If you are using Visual Studio, you can type three forward slashes in a row and it will auto generate a skeleton set of comments for you. Most importantly is the summary and parameter descriptions that are free text. They are invaluable for being able to explain what an endpoint does and what input it expects.

Next you need to force your application to actually generate the XML data that Swagger can then read. Right click on your project in Visual Studio and select Properties. On the panel that opens up, select “Build” on the left hand side. You should see an option for “Output”, and a checkbox for “Xml documentation file”. Tick this box and the setting will be auto filled out for you.

Note that this setting is per build configuration. If you intend to use Swagger remotely (And therefore likely be built in Release mode before deploying), then you should change the Configuration setting up top on this panel to “Release” and then retick the documentation tickbox.

If you are not using Visual Studio, or you are just interested in how things work behind the scenes. Doing all of this just adds the following line to your csproj file.

<PropertyGroup Condition="'$(Configuration)|$(Platform)'=='Debug|AnyCPU'">
<DocumentationFile>bin\Debug\netcoreapp2.0\SwaggerExample.xml</DocumentationFile>
</PropertyGroup>
Next you need to head back to the ConfigureServices method of your startup.cs and add a call to IncludeXmlComments in your Swagger configuration.
services.AddSwaggerGen(swagger =>
{
 swagger.SwaggerDoc("v1", new Swashbuckle.AspNetCore.Swagger.Info { Title = "My First Swagger", Version = "v1" });
 swagger.IncludeXmlComments(Path.Combine(PlatformServices.Default.Application.ApplicationBasePath, "SwaggerExample.xml"));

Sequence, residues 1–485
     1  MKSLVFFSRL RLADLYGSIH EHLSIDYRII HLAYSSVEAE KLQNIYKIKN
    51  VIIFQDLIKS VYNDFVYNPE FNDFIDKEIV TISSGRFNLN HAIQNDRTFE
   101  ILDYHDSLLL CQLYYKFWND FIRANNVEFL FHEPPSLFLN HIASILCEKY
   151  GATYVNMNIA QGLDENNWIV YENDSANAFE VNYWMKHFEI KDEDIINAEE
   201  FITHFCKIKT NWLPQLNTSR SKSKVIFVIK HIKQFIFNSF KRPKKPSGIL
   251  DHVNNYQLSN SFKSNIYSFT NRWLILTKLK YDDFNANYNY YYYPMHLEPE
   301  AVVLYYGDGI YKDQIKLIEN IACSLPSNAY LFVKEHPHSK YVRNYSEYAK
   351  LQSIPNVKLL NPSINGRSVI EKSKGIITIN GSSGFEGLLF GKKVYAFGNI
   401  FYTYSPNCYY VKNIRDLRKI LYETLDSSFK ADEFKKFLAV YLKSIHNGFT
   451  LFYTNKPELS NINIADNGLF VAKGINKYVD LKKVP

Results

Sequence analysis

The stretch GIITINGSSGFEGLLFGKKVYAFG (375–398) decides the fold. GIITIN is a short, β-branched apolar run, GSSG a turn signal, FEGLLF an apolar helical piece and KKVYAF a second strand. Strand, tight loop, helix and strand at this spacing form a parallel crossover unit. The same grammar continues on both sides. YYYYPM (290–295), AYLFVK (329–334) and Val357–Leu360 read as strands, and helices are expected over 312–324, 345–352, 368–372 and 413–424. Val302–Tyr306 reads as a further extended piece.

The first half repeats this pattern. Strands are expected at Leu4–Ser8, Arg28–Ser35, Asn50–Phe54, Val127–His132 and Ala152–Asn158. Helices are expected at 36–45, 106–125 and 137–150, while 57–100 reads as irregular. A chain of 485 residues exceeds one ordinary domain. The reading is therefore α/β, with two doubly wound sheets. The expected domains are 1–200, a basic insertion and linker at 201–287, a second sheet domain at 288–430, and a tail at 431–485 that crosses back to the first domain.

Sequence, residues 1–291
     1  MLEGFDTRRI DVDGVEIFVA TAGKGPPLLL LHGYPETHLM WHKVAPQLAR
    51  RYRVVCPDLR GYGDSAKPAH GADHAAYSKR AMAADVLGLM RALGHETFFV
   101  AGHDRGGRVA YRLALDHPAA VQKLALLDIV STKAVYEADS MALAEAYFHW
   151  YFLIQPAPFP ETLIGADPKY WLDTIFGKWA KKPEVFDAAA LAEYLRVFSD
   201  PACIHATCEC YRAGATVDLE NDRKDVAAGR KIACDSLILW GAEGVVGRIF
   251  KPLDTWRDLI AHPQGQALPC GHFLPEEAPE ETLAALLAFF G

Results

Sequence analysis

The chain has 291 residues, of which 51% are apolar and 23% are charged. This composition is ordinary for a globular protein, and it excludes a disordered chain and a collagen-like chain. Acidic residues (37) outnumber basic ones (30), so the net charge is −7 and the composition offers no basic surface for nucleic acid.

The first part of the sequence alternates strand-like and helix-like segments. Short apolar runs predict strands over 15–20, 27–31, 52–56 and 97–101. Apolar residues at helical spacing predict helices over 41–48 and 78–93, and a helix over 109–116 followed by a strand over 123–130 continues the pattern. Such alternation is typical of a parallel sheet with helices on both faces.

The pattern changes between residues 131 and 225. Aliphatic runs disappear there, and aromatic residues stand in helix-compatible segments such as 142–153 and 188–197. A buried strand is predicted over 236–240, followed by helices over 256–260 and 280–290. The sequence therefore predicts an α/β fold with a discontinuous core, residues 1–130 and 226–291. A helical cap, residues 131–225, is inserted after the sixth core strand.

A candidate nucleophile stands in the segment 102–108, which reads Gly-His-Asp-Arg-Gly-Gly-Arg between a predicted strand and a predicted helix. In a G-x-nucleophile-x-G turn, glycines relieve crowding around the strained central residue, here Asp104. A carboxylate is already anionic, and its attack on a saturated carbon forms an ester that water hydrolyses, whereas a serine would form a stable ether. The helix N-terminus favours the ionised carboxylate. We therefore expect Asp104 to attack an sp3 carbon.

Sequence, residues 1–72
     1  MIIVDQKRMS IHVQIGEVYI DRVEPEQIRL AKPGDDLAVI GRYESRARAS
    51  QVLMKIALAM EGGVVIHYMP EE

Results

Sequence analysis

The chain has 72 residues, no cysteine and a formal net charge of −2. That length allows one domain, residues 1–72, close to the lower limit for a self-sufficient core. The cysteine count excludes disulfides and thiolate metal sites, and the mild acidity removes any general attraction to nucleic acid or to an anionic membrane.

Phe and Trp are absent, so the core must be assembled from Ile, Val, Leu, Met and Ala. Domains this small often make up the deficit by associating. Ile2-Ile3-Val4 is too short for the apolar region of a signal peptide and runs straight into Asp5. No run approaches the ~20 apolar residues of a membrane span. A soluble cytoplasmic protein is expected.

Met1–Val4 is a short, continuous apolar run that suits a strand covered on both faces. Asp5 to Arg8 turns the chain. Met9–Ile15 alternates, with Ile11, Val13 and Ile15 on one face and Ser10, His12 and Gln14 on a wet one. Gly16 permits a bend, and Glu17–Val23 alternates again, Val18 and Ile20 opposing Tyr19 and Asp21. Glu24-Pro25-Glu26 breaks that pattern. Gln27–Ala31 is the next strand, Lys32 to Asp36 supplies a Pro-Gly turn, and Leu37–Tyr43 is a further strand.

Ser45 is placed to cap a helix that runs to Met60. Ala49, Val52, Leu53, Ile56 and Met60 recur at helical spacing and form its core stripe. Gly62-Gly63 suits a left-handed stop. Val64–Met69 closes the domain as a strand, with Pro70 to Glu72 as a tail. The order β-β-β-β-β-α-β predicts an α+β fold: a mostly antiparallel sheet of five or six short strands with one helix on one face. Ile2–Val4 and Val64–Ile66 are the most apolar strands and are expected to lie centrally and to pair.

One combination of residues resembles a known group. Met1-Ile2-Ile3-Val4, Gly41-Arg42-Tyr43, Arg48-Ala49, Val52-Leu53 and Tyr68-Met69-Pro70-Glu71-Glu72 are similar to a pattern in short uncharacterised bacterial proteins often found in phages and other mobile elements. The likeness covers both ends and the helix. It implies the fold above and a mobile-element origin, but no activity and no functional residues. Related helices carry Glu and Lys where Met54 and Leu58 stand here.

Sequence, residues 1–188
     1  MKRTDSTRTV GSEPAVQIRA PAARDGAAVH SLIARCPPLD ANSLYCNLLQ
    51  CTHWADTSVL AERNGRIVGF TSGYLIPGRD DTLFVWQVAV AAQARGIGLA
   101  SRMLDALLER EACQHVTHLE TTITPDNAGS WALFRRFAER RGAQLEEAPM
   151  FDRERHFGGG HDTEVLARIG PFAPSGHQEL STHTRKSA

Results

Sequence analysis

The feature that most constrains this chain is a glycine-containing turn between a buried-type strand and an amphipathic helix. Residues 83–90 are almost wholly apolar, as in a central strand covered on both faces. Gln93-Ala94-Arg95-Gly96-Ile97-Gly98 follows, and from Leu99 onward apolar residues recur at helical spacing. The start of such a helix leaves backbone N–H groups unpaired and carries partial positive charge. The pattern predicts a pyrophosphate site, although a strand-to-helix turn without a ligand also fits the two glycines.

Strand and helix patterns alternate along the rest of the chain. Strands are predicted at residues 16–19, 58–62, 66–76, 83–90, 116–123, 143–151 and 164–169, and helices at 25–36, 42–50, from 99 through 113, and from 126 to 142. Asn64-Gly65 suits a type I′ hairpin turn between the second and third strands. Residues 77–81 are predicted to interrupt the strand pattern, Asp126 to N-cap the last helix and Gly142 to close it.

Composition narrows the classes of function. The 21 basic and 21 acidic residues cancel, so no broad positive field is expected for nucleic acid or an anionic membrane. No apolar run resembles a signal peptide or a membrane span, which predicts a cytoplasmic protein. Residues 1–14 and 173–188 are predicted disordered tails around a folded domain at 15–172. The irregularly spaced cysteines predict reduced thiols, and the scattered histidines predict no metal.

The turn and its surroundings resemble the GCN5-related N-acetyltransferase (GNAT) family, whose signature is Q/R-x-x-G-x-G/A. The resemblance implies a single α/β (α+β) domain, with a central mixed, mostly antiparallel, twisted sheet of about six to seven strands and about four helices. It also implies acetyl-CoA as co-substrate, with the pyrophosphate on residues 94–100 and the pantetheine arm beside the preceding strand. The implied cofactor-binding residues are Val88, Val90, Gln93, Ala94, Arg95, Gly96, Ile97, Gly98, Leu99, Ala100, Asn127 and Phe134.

});

Where SwaggerExample.xml is the xml file you set in your csproj/project configuration.

When you view Swagger again you should now see your XML comments displayed inside the documentation.

Up the top right is our description of our endpoint. And in the id row for our parameters, we also have a description value.

Describing API Response Codes

There may be times where your API returns a non “200” response code that you want to provide documentation for. For example an error of 400 if a particular parameter doesn’t fit certain requirements.

The first step is to decorate your actions with a “Produces” attribute that describes all the possible return codes your endpoint will give out. At the same time you can describe that for a given code, what model you will be returning at the same time. So for example if when you return an error 400, you return a particular class that describes the error, you can define that here.

[HttpGet("{id}")]
[ProducesResponseType(typeof(string), 200)]
[ProducesResponseType(404)]
[ProducesResponseType(400)]
public string Get(int id)
{
 return "value";
}

A quick note that you don’t need to specify the return of 200, that is implied, but it’s nice to add anyway. When you view this endpoint in swagger, the non 200 return codes are displayed at the bottom of the endpoint description.